Friday, 27 June 2008

Conference Mania

I do very much enjoy organising things (possibly why I started out life as a Librarian!) and for the past few months have been sorting things out for the CLAUD 2008 Conference. Our theme this year is on accessible information, which is why we've called it "Not always the full text: working towards accessible learning resources".
It's been quite a task, especially organising it for a venue I've never seen before (others have as the 2006 Conference was there) and with Committee members scattered over the South and South-West of England. This year we got in some great admin help in the form of a staff member in another department (thank you Steve!) doing it in his own time (don't worry, we paid him!), so it's been less stressful and more fun.
I've learnt so much about organising conferences, I've even started looking into organising an assistive technology event in Oxford for next March - I just can't get enough.
So we're in the final stretch with the conference next Thursday, with the numbers finally in and people letting me know what they want for the evening meal on Day 1 (it's two days and residential). The badges have been printed, I've got most of the presentations, I'm sorting out the Braille and the Large Print documents. Fingers crossed for the 3rd & 4th July - off to look into making audio recordings of the presentations to put online - that's where Web 2.0 comes in!

Tuesday, 17 June 2008

Too much accessibility?

I've become increasingly aware lately that in some cases we can go overboard in our attempts to make online information accessible. Much is said about a lack of accessibility, but I also believe it's possible to add too much. What we are striving for is Aristotle's Golden Mean, the middle way, treading a line between something inaccessible and something with so many added features for "the disabled" that they themselves become unusable.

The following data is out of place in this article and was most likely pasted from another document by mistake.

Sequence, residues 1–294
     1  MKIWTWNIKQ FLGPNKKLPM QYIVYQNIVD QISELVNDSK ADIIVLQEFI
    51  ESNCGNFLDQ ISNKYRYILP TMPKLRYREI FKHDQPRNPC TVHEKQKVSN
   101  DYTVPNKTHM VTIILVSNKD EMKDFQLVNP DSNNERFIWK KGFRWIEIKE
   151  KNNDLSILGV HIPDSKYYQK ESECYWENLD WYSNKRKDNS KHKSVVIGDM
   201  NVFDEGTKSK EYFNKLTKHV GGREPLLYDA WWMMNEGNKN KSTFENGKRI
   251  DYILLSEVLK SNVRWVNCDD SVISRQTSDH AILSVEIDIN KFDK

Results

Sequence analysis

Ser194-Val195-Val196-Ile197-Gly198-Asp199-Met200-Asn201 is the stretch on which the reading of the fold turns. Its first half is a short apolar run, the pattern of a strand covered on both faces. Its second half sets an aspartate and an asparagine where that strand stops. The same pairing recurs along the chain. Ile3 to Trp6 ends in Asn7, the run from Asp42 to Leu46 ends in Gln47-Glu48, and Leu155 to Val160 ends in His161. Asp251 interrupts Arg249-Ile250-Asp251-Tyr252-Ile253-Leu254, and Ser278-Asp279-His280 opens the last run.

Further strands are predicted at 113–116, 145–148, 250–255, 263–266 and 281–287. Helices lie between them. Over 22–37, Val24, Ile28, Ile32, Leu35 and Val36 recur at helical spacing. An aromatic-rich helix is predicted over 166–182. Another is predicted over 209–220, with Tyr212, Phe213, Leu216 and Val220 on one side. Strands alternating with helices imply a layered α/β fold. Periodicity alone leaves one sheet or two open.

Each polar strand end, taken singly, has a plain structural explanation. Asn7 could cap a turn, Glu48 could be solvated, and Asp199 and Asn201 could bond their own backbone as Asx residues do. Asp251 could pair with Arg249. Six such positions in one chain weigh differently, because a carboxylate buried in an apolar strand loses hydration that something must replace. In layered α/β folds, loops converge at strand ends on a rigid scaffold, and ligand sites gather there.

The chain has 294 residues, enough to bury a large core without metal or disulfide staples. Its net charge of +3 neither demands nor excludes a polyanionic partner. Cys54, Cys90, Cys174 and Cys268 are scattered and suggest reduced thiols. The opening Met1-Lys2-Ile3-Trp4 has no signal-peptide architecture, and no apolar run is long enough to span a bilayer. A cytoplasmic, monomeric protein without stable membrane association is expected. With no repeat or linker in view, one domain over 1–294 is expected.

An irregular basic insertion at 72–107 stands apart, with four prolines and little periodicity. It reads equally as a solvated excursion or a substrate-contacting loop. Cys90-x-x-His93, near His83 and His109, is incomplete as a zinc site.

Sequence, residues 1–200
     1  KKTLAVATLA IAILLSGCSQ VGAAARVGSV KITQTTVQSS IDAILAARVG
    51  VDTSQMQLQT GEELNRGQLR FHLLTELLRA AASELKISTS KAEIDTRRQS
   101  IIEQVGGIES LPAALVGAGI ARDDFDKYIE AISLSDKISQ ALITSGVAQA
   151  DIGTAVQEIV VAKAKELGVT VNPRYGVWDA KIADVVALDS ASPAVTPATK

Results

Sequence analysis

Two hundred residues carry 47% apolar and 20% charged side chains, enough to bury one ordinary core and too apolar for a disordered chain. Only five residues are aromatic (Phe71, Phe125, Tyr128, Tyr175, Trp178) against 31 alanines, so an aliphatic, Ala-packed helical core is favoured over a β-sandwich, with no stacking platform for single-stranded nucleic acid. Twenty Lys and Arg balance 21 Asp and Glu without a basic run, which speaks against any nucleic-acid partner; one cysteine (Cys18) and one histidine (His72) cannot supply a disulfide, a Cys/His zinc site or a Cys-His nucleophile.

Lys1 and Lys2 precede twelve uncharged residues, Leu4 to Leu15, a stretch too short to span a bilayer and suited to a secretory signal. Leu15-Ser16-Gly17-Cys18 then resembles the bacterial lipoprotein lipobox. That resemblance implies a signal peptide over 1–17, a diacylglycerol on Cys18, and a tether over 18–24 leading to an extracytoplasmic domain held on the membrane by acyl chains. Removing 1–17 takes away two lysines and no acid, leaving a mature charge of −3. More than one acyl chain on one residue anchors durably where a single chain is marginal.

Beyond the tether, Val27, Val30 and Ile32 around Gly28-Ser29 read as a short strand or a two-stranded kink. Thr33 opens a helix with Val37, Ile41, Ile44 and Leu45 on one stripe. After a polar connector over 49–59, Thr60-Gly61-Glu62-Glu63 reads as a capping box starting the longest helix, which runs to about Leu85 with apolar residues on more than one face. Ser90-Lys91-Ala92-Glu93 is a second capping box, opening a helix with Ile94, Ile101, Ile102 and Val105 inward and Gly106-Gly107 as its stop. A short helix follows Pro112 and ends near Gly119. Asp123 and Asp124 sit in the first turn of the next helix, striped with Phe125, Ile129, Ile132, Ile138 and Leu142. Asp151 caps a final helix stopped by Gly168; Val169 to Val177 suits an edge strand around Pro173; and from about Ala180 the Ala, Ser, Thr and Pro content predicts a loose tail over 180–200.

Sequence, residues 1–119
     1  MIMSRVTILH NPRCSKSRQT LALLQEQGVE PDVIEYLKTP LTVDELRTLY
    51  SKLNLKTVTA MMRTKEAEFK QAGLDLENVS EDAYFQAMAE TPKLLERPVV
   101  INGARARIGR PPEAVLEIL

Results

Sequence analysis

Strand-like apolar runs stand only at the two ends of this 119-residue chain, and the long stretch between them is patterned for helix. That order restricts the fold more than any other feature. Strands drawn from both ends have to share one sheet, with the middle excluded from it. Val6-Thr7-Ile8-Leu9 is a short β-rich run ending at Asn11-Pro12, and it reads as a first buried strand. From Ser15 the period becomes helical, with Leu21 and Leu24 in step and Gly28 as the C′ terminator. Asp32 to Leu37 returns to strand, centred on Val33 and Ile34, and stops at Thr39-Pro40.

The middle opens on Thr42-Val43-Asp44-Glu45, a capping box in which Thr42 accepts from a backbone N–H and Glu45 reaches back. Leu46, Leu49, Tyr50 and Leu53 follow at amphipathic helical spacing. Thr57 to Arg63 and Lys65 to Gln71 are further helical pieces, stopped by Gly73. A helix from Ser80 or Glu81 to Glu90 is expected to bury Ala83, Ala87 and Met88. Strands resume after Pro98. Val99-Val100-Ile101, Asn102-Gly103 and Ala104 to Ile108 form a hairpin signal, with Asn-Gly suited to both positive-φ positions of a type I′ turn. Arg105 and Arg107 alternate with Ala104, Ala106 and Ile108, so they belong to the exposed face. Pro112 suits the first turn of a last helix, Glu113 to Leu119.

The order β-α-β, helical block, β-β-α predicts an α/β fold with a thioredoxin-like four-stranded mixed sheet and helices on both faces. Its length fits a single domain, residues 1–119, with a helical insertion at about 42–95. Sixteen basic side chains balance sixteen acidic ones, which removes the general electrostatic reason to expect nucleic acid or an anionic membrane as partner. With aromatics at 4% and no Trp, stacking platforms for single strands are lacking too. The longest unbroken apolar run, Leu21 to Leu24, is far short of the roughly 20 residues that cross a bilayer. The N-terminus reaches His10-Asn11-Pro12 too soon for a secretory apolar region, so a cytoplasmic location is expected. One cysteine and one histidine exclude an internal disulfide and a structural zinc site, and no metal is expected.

Last week I was looking into a query for a student about a questionnaire she was trying to fill in online. She's profficient in using JAWS (although she's not a huge fan and is looking into trying out Window Eyes), but was having trouble with the drop down menus ("combo boxes" in JAWS speak). So I thought I'd try it out and discovered a few issues:
  1. You need to go into Forms mode in JAWS to access the Combo Boxes (that was my error, not theirs!)
  2. The way the questionnaire was laid out meant when scrolling through it the screenreader read firstly the text of the question, then the question again because it was repeated in the combo box.
  3. Most of the items in the drop down list began with the same letter - D for Dept or F for Faculty or BA in XXX or MA in XXX - not good when you can't see easily and have to listen.
  4. The items again were repeated twice, meaning that a lag could occur. If, when I heard the item read the first time and moved onto the next, it would continue to read the previous item because the text is as I said, repeated twice. Now I can tell if what it's reading to me is not what is on the screen, but the student had to get someone to check and go through it again to make sure she'd picked the right options.
Putting in alt text is only worthwhile if it adds to the information you are giving. I've been reading some interesting blogs on too much accessibility. By far the best is a presentation, with slides and accompanying audio by Patrick Lauke at Salford University. Take 40 minutes and listen to it. It will be worth your while. He talks about coding and mentions amongst other things:
  1. Alt text - being overexplicit and the pitfalls we end up in (like prefixing images with "photograph of") - see also Mike Cherim's Blog on Alt Text
  2. Title attributes - how best to use them - and that you don't need to use "link to:" or repeat information